Working With Video Ad Networks

Marketers in most product categories are now using pre-roll and in-banner video ads in their media plans. In 2009, the industry saw a sharp increase in repurposed TV ads being used online, and the adoption rate in 2010 is even greater. And the number of agencies buying online video advertising with the video ad networks continues to increase.

Targeted pre-roll ads are now the norm when working with the video ad networks. The majority of buyers still use CTR as their primary success metric, and they can now buy specific demographics/psychographics at the impression level to maximize that CTR. When the buyer has a performance metric that he or she needs to achieve, in-market shopper targeting, BT, keyword targeting and retargeting/de-targeting/conversion tracking are being used. It doesn't matter if you're trying to get in-market car buyers to sign up for a test drive or get a consumer to buy a pizza during specific hours of the day, multiple performance metrics can be achieved due to the advanced targeting options now available.

Pre-roll ads have proven to be the most effective online ad unit for increasing indexes across several branding metrics (awareness, recall, favorability, purchase intent). When run concurrently with TV ads, pre-roll ads have even greater lift across all of the metrics. A recent Nielsen IAG and Microsoft study is one of many released over the past five years that demonstrate the effectiveness of pre-roll advertising.

When working with the networks, transparency is necessary to ensure the client's ads only run on approved sites. Recently, third-party companies have been able to report detailed information on ad placement for each site where the ad is running. When the ad networks include this third-party reporting, the advertiser can run video ads on tens of thousands of sites that have environments advertisers would find appealing.

When selecting a site list, agency folks debate whether they should work with both premium and non-premium sites. Both brand name premium sites and non-premium sites offer a safe environment for reaching the targeted viewer. It is imperative that the network guarantees that the non-premium sites fit in the content category vertical being sold to the buyer.

Media cost efficiencies are also attractive. The video networks can offer lower overall CPMs while protecting each site included in the network. Networks do not sell a short list of sites, nor do they guarantee impression delivery on specific sites. This protects the publishers that work with the networks, and it allows the buyer to dramatically increase audience reach.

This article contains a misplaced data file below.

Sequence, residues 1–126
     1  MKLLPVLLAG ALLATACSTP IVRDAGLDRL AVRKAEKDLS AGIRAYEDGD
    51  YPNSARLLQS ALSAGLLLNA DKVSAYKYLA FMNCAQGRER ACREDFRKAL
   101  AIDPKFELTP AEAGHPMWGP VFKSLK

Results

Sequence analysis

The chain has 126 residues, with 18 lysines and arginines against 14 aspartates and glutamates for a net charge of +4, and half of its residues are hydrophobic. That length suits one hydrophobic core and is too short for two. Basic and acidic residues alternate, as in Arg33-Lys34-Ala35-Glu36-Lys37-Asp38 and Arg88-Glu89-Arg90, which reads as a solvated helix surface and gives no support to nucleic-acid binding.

3 comments about "Working With Video Ad Networks".
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  1. Mike Einstein from the Brothers Einstein, June 17, 2010 at 9:57 a.m.

    This article misses the mark at every turn. Pre-roll is a loser for what should be obvious reasons, and the idea that marketers can and/or should legislate taste in their prospects by cherry-picking sites is just as stupid, and I'll prove it by asking a simple question:

    Let's say you're an auto dealer who's open on Sundays. Two guys come into your having just come from church, and the other from a fling with his mistress.

    Whom would you prefer to sell a car to?

    That's what I thought you'd say.

  2. Eric Steckel from Turnpike Digital, June 17, 2010 at 1:01 p.m.

    As opposed to Mr. Einstein's opinion, I think it's valuable to be able to target my audience by cherry-picking websites. I want control over that. If I'm selling cookware, I want my ads to be run on sites that target 20-35 YO women, not men; Paula Dean and Wedding planners, not golf enthusiasts. I don't really care if they have come from church or not, so I really don't know what that point was.

  3. Mike Einstein from the Brothers Einstein, June 23, 2010 at 9:43 a.m.


    Let me suggest you use your own money - not somebody else's - to buy yourself a nice pre-roll campaign on all of your favorite websites. You'll soon realize that nobody wants to suffer through the same commercial online they willingly pay extra to avoid offline. And by the way, don't be surprised if you go broke in the process.

    These studies cited in the article are classic examples of measuring the tallest midget. The industry has already distanced itself from the CTR, despite it being the coin of the online realm not so long ago. Pre-roll may be a taller midget, but a midget nonetheless.

    The whole concept of premium sites versus non-premium sites reminds me of the sage advice of that 20th century advertising icon, Charlie Tuna, who taught us what good marketers should already know, namely that we don't want prospects with good taste, but prospects that taste good. That's what I was getting to with my analogy of the audo dealer who's open on Sundays.

    Mass media is all about audience reach, and you can't reach anybody with a product - ads - that nobody wants and everybody is equipped to avoid.

    We have an overabundance of supply - the ad inventory - for which there is absolutely no consumer demand, and the fact that you can buy online "impressions" all day long for a buck per thousand ought to tell you something...They're virtually worthless (not my opinion, but rather the opinion of those doing the pricing).

    We now have more places for ads to appear online than we have people to avoid them, and the only scalable thing in sight is Google's AR list of advertising intermediaries that don't get it.

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